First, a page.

Adapters and ECU have a current limitation to protect them from shortcuts.
Most adapters don't provide enough current (50 mA) to pull K-Line to ground over 255 Ω.
Depending on the pull-up resistor and the current limitation you will not capture anything or the scantool stops working.
Here you see the result of connecting two adapters at the same time. The voltage does not reach 0V anymore.
OBD2 Splitter Cable
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ISO14230 K-Line sniffing with 510 Ohm resistor
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It may also happen that you can sniff data as long as the motor is off.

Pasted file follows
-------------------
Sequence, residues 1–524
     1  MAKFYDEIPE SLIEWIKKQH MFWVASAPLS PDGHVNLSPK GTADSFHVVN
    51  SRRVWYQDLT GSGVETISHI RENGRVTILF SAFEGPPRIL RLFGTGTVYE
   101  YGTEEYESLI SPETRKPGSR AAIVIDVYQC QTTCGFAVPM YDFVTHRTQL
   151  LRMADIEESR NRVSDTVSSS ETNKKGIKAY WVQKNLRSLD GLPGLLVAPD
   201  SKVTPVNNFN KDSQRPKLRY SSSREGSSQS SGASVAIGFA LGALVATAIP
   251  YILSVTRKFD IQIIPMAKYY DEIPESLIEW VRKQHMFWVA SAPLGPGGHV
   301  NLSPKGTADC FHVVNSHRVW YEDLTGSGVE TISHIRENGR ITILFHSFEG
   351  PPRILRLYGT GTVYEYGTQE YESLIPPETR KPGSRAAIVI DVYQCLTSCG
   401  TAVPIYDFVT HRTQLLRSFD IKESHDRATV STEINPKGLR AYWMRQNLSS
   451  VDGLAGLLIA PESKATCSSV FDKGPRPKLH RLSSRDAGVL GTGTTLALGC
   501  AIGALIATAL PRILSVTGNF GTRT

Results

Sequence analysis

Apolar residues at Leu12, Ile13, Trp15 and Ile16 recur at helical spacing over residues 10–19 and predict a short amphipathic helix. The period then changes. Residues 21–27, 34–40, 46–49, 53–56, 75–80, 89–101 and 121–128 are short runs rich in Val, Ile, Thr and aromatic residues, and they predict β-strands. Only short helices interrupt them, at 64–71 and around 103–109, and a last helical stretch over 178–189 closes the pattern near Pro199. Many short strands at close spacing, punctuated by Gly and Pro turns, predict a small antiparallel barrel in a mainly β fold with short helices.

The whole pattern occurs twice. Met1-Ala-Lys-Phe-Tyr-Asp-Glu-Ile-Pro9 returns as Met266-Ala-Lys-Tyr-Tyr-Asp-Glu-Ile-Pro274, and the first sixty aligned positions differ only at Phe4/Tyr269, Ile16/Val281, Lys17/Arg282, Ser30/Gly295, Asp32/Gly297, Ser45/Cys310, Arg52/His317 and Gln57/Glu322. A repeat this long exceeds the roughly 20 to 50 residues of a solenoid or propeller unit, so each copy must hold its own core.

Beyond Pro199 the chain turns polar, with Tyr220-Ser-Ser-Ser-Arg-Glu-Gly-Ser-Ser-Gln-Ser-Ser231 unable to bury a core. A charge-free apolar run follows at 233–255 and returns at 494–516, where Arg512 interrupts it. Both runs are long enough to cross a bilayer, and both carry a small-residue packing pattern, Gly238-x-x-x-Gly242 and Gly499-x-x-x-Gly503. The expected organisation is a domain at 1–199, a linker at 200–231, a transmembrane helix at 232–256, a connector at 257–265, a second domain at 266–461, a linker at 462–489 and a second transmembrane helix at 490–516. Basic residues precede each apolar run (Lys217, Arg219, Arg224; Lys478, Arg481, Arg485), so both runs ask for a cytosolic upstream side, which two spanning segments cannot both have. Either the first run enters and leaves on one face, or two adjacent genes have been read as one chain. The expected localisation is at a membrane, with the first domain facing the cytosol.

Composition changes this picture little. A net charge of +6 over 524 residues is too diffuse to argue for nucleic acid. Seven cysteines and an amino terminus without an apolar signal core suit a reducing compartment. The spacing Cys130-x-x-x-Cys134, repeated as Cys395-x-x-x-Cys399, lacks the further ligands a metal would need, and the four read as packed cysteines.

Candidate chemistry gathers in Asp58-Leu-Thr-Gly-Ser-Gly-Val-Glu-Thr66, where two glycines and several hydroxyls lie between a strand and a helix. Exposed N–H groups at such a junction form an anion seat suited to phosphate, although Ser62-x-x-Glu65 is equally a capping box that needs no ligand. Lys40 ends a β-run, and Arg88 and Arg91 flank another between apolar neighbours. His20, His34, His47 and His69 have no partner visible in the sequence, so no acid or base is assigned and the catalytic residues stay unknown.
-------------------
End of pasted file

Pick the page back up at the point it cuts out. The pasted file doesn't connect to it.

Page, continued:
But when the motor runs the battery voltage rises to 15V and now you don't capture data anymore or get crippled data.
The higher the battery voltage the more current is required to pull K-Line to ground.
However, there are also adapters with an internal pull up resistor of 1 kΩ. They may function unchanged.

The only bullet-proof solution is to modify an adapter and remove the SMD pull-up resistor between pin 7 and 16.
You can either convert an adapter into a sniff adapter by removing this resistor completely
or you can insert a switch into the adapter which allows to chose between normal mode and sniff mode.
Sniffing K-Line data with HUD ECU Hacker
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Sniffing CAN Bus data with HUD ECU Hacker
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No modification in the adapter is required for CAN bus sniffing.
The J2534 and ObdLink adapters require 4 pins to be connected.
If you use the UsbCAN adapter only 2 pins must be connected: CAN0H and CAN0L.